My friend Harold Heie has a passionate commitment to fostering respectful conversations on the internet about difficult topics among evangelicals. Heie is Senior Fellow at the Center for Faith and Inquiry at Gordon College (full bio here). He is the author of Learning to Listen, Ready to Talk: A Pilgrimage Toward Peacemaking and Evangelicals on Public Policy Issues: Sustaining a Respectful Political Conversation.
His recent book tackles another difficult topic: A Future for American Evangelicalism: Commitment, Openness, and Conversation, where Heie summarizes and reflects on an eCircle conversation he hosted on his blog in 2013, “American Evangelicalism: Present conditions, Future Possibilities.” (See also my earlier post.) That conversation took place among 26 evangelical thinkers, including me, John R. Franke, Karl Giberson, Jeannine Brown, Christopher M. Hays, Richard Mouw, Amos Yong, John Wilson, and Molly Worthen.
After two brief introductory chapters (“American Evangelicalism and the Broader Christian Tradition” and “Continuing the Conversation”), Heie covers over the next 7 chapters the issues that were addressed in the original eCircle conversation.
- Evangelicalism and the Exclusivity of Christianity
- Evangelicalism and the Modern Study of Scripture
- Evangelicalism and Morality
- Evangelicalism and Politics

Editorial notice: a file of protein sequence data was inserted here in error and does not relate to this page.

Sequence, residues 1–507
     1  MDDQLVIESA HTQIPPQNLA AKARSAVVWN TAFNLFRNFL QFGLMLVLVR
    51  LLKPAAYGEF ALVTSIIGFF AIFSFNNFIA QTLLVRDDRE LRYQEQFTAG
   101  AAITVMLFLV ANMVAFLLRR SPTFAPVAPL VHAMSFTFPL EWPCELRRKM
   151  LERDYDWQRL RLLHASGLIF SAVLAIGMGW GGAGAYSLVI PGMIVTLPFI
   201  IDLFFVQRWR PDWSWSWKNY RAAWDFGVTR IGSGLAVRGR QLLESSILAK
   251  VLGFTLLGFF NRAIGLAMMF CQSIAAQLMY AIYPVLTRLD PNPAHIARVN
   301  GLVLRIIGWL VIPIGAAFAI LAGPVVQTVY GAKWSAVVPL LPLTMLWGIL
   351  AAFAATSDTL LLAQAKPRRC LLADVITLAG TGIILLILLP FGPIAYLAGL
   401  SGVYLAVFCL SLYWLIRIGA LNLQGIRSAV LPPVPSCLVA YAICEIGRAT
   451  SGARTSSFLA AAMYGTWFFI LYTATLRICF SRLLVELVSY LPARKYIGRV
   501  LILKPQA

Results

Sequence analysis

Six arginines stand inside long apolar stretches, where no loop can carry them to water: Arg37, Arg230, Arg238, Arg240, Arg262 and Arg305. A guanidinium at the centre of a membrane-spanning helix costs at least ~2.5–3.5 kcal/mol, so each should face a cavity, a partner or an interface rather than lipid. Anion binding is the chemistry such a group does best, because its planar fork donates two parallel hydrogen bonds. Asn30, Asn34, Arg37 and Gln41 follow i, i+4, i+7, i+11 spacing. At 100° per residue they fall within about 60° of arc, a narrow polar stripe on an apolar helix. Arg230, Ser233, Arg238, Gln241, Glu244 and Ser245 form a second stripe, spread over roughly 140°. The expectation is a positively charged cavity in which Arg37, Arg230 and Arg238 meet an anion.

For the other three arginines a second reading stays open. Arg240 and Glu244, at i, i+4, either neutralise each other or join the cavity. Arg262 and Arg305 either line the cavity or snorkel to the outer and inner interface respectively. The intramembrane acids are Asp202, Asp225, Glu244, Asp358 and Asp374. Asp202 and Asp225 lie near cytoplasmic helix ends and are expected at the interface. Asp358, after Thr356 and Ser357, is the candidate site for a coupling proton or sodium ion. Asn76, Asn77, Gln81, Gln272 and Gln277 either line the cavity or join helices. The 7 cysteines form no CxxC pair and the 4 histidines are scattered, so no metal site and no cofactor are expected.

- Evangelicalism and Scientific Models of Humanity and Cosmic and Human Origins
- Evangelicalism and Higher Education
- The Future of Evangelicalism
Nothing controversial at all in these topics. Back to your homes, citizens. Nothing to see here.
In this volume, Heie does what he does best: he assembled a group of thinkers representing diverse points of view, who are (see subtitle) committed to what they believe, are open to hearing what others have to say, and demonstrate that openness by engaging in a respectful conversation with others.
I have to say, that’s hard to pull off for a person like me, seeing that I know I’m basically right most of the time (just ask my wife) and wish everyone else would see it so the world would be a happier place.
On the other hand, Heie opens the volume with a favorite quote of his from the late Ian Barbour:
It is by no means easy to hold beliefs for which you would be willing to die, and yet to remain open to new insights; but it is precisely such a combination of commitment and inquiry that constitutes religious maturity (Myths, Models and Paradigms, p. 138).
True, that is “by no means easy” but a worthy endeavor nonetheless. I promise to try harder. In the meantime, Heie is already pulling it off.
If you want a break from internet rancor and ideological battles, Heie walks the walk and talks the talk.